More Red-eye Photoshop Tricks: Black-and-White Adjustment Layers
Some Photoshop experts and photo restoration aficionados scoff at the red-eye tool, pointing to corrected photos in which the subject's pupils look too dark and glassy. This can be a valid argument, especially if the subject has light-colored irises. Luckily, there's another Photoshop technique -- using a black-and-white adjustment layer -- that may provide more realistic red-eye correction. Here's how you do it.
Again, you have to select a photo to edit. We're going with that same bathtub shot. Next, create a black-and-white adjustment layer (Layer > New Adjustment Layer > Black & White). When you do, you'll see the layer palette change accordingly. The adjustments palette will also update with options specific to your new layer choice. And, of course, your image will appear to lose its color.
Now, increase the zoom level so you can get a good look at your subject's eyes. In the tools palette, select the brush tool and make sure the hardness -- one of the brush tool's settings -- is set to 100 percent. Also, make sure your foreground color is set to black.
When the brush tool is selected, the cursor changes to an open circle, which you can adjust using the bracket keys. The open bracket decreases the brush size; the close bracket increases the brush size. With the cursor situated over one of the pupils of your image, increase or decrease the brush size so the open circle just fits around the pupil. Click once on the pupil. When you do, you should reveal the red pupil in your black-and-white layer (see first photo).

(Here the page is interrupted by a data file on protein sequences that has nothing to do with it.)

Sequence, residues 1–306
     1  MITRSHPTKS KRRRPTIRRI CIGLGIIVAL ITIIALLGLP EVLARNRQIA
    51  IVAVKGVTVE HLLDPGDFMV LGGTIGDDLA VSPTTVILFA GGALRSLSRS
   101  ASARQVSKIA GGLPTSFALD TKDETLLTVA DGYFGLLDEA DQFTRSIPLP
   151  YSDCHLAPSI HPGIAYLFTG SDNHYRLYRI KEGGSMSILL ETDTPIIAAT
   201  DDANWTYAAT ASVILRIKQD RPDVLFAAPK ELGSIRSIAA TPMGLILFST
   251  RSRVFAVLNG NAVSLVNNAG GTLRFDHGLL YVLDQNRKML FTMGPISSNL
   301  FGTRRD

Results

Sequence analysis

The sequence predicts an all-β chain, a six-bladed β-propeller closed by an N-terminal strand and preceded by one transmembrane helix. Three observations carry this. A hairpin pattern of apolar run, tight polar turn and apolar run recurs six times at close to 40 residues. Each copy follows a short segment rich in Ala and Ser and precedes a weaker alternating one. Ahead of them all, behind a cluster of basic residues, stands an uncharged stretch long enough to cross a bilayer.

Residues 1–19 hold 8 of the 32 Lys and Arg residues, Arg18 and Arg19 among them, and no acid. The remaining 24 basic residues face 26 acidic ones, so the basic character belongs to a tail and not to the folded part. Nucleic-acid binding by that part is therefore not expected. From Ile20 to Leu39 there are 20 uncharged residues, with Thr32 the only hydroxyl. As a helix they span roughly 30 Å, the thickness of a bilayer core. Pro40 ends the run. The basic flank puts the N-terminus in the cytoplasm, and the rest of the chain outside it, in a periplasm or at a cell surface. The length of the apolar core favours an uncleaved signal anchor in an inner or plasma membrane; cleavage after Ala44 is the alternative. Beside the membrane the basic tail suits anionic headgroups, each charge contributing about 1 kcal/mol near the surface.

Now you want to invert the layer mask you created (Image > Adjustments > Invert), which restores the original image color except for the black-and-white adjustment you made over the pupil. If you didn't quite eliminate all of the red, switch your background and foreground (at the bottom of the tools palette) and paint over any remaining red pixels with your brush tool. Then, on the adjustments palette, experiment with different black-and-white filters to change the intensity of the pupil color. On our image, we're going to use the Maximum Black setting. Finally, you'll want to add a slight blur (Filter > Blur > Gaussian Blur) to soften the edges of the pupil. You won't need much -- maybe a radius of 1.0 to 1.5 pixels. When you're done, you should have something like the second photo.
Many people like this technique better than the built-in red-eye tool, because they feel it gives a bit more control over the editing process. If the idea of having control appeals to you, but you don't want to pay for Photoshop, you still have options. Keep reading to see how Pixlr, a free Web-based image editor, can remove red-eye as effectively as its expensive cousin.